Wednesday, April 24, 2024

ORC reviewing Manuherikia River advice

Neal Wallace
Water users have welcomed the Otago Regional Council’s (ORC) decision to check the robustness of its science before setting minimum flow limits in the Manuherikia River. Manuherikia Catchment Group chair Anna Gillespie says the decision confirms the view of users that there are significant gaps in the council’s science.
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Water users have welcomed the Otago Regional Council’s (ORC) decision to check the robustness of its science before setting minimum flow limits in the Manuherikia River.

Manuherikia Catchment Group chair Anna Gillespie says the decision confirms the view of users that there are significant gaps in the council’s science.

She is not holding back the frustration of water users who have spent $1 million on the issue so far and is devoting two days a week to their cause.

“There is a bunch of science from the Otago Regional Council that has not been peer-reviewed and is full of errors,” Gillespie said.

Those shortcomings include measuring a limited number of ecological indicators and extrapolating over the river’s 85km length and condition of the 18% of the river, which flows through the most-populated stretch.

The review means councillors have postponed consideration of a staff recommendation to more than double the minimum river flow from 900 litres/sec in stages, starting with a lift to 1200l/sec by 2023, 1500l/sec by 2030, and 2000l/sec by 2037.

This is part of a process to replace by 2023 mining rights allowing water extraction from rivers dating back to the Otago gold rush, with minimum flows.

Council chair Andrew Noone says the council vote showed they need assurances the science behind any decision was robust.

They have requested a peer review of the hydrological modelling, commissioned a new habitat model survey and testing of technical evidence from the Manuherikia Catchment Group on the impact of the new flow on river tributaries.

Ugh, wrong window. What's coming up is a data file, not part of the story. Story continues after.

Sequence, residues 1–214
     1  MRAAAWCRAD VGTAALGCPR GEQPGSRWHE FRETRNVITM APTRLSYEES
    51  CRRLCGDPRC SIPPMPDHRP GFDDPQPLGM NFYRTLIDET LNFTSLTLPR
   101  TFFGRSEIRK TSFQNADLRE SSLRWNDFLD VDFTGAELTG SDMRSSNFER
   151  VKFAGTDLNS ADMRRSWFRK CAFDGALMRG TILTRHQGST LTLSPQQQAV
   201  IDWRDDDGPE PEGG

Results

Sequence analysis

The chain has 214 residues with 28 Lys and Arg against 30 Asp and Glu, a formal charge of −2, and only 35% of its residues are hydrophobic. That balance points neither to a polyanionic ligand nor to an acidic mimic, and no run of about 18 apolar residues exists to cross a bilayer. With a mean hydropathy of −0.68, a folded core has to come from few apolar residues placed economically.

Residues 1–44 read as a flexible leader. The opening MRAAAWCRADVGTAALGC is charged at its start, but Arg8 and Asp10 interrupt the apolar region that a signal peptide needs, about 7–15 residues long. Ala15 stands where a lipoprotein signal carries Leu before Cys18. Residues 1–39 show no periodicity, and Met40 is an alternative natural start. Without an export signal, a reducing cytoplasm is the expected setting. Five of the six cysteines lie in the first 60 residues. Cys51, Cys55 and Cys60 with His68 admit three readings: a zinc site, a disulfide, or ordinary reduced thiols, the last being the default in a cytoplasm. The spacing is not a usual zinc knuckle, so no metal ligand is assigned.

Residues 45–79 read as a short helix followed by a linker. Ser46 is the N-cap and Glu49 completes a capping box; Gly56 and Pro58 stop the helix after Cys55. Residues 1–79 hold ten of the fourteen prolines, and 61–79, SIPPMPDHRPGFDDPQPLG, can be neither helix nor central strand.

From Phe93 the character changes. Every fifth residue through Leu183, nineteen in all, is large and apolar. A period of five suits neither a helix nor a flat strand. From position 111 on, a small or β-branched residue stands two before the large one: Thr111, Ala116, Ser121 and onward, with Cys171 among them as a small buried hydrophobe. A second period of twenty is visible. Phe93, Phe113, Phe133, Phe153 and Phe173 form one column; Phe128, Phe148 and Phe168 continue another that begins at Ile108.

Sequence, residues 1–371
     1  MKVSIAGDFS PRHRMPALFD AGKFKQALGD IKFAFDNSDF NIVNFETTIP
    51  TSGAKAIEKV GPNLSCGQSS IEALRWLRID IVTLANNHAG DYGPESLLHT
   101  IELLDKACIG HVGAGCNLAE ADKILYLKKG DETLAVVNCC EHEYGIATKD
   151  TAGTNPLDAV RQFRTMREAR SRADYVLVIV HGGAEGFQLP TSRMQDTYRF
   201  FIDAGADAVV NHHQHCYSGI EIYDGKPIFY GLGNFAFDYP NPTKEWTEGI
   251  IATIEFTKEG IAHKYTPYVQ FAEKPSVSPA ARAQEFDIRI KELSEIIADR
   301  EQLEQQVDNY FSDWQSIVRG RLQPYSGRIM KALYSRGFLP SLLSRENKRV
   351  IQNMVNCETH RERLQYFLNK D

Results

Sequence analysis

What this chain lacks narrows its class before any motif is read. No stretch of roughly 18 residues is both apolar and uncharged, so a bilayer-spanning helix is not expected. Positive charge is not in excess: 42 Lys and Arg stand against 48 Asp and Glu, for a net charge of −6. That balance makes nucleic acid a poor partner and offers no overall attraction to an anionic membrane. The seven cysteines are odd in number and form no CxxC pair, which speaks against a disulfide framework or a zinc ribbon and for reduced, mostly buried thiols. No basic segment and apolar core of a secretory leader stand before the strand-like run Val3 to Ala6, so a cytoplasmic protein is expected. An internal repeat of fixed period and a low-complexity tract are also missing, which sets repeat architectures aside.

Noone says the two habitat studies submitted to council had contradictory conclusions, due to one following a flood.

Gillespie says a challenge for water users has been the high turnover of council staff creating inconsistency.

In the months leading up to the council decision, a senior council scientist and the leader of the technical advisory group left their positions.

The decision by councillors to review scientific data, passed six votes to five, has provoked a rebuke from four, including deposed chair Marian Hobbs.

They have written to Environment Minister David Parker asking him to intervene, alleging conflicts of interest among some councillors, predetermination of the decision and unnecessary delays.

In a statement Parker says he wants to better understand the points raised before commenting further.

“The underlying issue, the intersection between deemed permits to take water and the minimum flow for the river, has been a responsibility of the ORC to resolve since the Resource Management Act was passed 30 years ago,” Parker said.

“I do not have a view on what the minimum flow should be, but I do expect the regional council to meet its responsibilities without further delay.” 

Noone described the split vote among councillors as democracy and robust debate, but he also disagreed with the allegations made to Parker.

“I’d like to think he will want us to knuckle down and get on with the job, that is what the minister will be wanting,” Noone said.

Gillespie says the Environment Court has already sided with farmers in rejecting the council’s proposed limits for the Lindis River and now faces issues with the Manuherikia.

In 2019 the court agreed with the Lindis Catchment Group and set a minimum flow of 550 litres/sec and a primary allocation of 1640l/sec, rejecting limits proposed by council-appointed commissioners of 900l/sec and a primary allocation of 1200l/sec.

Noone says the council process is to determine minimum flows for Otago rivers, which will become operative when the Land and Water Plan is notified in 2023.

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